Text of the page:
- Sophie Billioti de Gage, PhD student1,
- Yola Moride, professor23,
- Thierry Ducruet, researcher2,
- Tobias Kurth, director of research45,
- Hélène Verdoux, professor16,
- Marie Tournier, associate professor16,
- Antoine Pariente, associate professor1,
- Bernard Bégaud, professor1
Objectives To investigate the relation between the risk of Alzheimer’s disease and exposure to benzodiazepines started at least five years before, considering both the dose-response relation and prodromes (anxiety, depression, insomnia) possibly linked with treatment.
Design Case-control study.
Setting The Quebec health insurance program database (RAMQ).
Participants 1796 people with a first diagnosis of Alzheimer’s disease and followed up for at least six years before were matched with 7184 controls on sex, age group, and duration of follow-up. Both groups were randomly sampled from older people (age >66) living in the community in 2000-09.
Main outcome measure The association between Alzheimer’s disease and benzodiazepine use started at least five years before diagnosis was assessed by using multivariable conditional logistic regression. Ever exposure to benzodiazepines was first considered and then categorised according to the cumulative dose expressed as prescribed daily doses (1-90, 91-180, >180) and the drug elimination half life.
Results Benzodiazepine ever use was associated with an increased risk of Alzheimer’s disease (adjusted odds ratio 1.51, 95% confidence interval 1.36 to 1.69; further adjustment on anxiety, depression, and insomnia did not markedly alter this result: 1.43, 1.28 to 1.60). No association was found for a cumulative dose <91 prescribed daily doses. The strength of association increased with exposure density (1.32 (1.01 to 1.74) for 91-180 prescribed daily doses and 1.84 (1.62 to 2.08) for >180 prescribed daily doses) and with the drug half life (1.43 (1.27 to 1.61) for short acting drugs and 1.70 (1.46 to 1.98) for long acting ones).
Conclusion Benzodiazepine use is associated with an increased risk of Alzheimer’s disease. The stronger association observed for long term exposures reinforces the suspicion of a possible direct association, even if benzodiazepine use might also be an early marker of a condition associated with an increased risk of dementia. Unwarranted long term use of these drugs should be considered as a public health concern.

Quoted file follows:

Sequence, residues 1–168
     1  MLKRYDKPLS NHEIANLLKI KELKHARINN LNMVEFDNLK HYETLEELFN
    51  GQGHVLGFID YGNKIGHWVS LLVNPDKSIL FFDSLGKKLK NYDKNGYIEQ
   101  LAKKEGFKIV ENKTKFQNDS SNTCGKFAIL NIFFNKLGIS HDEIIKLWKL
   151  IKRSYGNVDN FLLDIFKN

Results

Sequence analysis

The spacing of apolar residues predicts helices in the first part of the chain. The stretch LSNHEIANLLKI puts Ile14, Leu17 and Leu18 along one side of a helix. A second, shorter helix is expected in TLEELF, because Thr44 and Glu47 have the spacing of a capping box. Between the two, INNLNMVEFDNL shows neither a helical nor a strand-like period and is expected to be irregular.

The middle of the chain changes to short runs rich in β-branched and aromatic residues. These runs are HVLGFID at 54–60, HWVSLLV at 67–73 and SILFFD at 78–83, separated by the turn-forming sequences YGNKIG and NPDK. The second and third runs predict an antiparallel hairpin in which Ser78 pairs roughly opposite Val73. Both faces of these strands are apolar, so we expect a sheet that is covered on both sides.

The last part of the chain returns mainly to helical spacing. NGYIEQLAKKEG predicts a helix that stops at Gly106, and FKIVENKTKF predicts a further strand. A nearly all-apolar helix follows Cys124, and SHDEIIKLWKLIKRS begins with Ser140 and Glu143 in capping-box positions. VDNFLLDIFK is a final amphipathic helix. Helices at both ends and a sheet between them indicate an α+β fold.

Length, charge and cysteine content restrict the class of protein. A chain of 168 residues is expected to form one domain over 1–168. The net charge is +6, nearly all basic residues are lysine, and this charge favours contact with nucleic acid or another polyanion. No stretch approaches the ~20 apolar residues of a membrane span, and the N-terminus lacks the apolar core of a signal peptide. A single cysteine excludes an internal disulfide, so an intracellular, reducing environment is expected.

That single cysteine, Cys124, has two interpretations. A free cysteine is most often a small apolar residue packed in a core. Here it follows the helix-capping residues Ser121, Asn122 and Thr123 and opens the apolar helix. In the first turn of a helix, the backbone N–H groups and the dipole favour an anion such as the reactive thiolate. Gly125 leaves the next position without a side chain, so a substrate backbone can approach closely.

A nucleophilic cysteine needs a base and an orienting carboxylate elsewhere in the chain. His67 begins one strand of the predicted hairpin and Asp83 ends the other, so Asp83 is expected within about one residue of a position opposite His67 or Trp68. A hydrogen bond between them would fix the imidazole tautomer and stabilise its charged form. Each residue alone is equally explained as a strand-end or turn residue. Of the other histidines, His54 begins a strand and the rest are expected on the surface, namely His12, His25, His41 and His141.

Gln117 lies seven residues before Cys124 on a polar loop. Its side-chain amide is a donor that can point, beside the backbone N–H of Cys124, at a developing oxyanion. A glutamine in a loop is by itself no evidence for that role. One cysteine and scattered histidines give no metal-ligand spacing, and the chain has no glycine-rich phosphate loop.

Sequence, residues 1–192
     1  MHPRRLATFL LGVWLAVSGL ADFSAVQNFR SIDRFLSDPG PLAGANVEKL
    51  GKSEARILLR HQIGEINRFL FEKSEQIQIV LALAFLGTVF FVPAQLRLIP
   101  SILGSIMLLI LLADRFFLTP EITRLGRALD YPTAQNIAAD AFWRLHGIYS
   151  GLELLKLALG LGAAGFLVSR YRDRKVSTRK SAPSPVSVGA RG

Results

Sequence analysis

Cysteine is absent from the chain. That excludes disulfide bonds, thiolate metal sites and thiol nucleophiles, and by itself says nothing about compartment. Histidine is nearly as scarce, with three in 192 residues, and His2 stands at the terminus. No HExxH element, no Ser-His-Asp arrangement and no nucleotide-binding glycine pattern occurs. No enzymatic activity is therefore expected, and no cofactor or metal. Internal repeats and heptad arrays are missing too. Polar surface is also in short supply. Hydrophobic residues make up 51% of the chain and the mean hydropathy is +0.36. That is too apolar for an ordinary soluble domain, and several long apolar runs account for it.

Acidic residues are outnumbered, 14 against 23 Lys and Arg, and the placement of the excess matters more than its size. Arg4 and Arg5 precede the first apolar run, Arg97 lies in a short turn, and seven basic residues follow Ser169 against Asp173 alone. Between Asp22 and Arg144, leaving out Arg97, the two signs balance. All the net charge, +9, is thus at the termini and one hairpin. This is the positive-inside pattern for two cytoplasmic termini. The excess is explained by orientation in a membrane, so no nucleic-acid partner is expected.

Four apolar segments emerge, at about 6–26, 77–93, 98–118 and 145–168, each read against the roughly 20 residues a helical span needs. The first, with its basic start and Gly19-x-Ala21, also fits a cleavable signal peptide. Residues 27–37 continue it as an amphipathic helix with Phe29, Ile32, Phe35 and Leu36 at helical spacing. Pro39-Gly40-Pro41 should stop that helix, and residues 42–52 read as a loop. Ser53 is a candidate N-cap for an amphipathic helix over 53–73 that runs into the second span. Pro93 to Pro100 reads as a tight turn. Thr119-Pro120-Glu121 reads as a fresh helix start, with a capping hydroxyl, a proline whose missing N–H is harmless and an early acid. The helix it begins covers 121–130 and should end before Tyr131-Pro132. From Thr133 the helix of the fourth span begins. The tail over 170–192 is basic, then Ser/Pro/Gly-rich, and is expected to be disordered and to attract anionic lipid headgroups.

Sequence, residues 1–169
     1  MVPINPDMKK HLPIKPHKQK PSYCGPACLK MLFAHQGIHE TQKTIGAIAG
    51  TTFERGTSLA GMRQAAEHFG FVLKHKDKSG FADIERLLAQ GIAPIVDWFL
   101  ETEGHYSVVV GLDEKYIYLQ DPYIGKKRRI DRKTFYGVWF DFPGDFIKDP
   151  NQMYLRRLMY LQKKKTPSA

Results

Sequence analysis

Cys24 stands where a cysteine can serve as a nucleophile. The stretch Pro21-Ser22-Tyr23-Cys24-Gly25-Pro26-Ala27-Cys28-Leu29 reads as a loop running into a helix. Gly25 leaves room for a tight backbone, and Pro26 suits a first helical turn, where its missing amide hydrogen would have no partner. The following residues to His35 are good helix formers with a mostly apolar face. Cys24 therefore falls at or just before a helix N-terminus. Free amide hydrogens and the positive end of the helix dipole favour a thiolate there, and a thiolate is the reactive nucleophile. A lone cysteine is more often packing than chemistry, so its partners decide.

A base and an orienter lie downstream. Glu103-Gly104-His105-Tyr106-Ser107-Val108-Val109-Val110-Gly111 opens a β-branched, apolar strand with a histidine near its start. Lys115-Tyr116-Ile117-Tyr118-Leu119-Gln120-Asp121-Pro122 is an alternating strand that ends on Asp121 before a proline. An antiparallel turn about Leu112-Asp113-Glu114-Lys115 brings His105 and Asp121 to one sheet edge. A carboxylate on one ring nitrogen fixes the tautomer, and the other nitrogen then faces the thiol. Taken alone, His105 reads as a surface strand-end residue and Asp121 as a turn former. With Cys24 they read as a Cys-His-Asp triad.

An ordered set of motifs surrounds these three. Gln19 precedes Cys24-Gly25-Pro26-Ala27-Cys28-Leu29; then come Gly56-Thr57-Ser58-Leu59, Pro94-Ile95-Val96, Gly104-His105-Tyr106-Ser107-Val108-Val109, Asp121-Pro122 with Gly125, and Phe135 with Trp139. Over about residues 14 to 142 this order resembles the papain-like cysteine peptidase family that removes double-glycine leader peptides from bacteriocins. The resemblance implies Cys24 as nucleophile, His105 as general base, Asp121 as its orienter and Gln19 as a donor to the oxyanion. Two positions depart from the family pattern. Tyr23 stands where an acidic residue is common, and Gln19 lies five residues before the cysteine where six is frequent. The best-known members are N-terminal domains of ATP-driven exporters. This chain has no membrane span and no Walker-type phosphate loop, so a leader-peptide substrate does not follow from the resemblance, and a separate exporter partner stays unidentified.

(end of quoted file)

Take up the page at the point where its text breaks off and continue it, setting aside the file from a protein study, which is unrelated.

Full article in BMJ 2014; 349 doi: http://dx.doi.org/10.1136/bmj.g5205 (Published 09 September 2014) Cite this as: BMJ 2014;349:g520
In today’s increasingly digital societies we are constantly aware of the impact of big data on our lives. It is not always welcome or useful (think of unsolicited offers and advertisements resulting from analysis of internet usage). Examination of health records on a very large scale presents opportunities to test hypotheses that would take many years and millions of pounds to examine using conventional clinical research methods.
Billoti de Gage and colleagues examined the digital prescription records of 1800 people aged over 66 with a diagnosis of Alzheimer’s disease, and six or more years of clinical data prior to diagnosis, and compared the rate of benzodiazepine usage with that of 5176 matched controls. The risk of developing Alzheimer’s was 1.5 time higher in those with exposure to a drug from this class than in those without. Mindful of the possibility of ‘reverse causation’ (in this case, an increased tendency for those in the very early stages of the disease to be prescribed anxiolytic medication), the authors looked for, and found, a modest enhancement of the relative risk in those who had taken the drug for more than six months.
One interpretation is that these widely prescribed, very efficacious, and seldom harmful anxiolytics may accelerate or contribute to the unmasking symptoms of dementia in a vulnerable population. Yet reverse causation cannot be eliminated, as the prodromal phase of Alzheimer’s disease can last for many years before a diagnosis can be made and are often either ignored, or misinterpreted as depression or anxiety. Since benzodiazepines act enhance the effects of the inhibitory neurotransmitter GABA, and Alzheimer’s disease is associated with a deficit in the excitatory Acetylcholine pathways, a causative association is hard to support biologically, and this study alone is unlikely to lead to any alteration of prescription policy or guidelines without further evidence from animal, cell culture, or other biological models.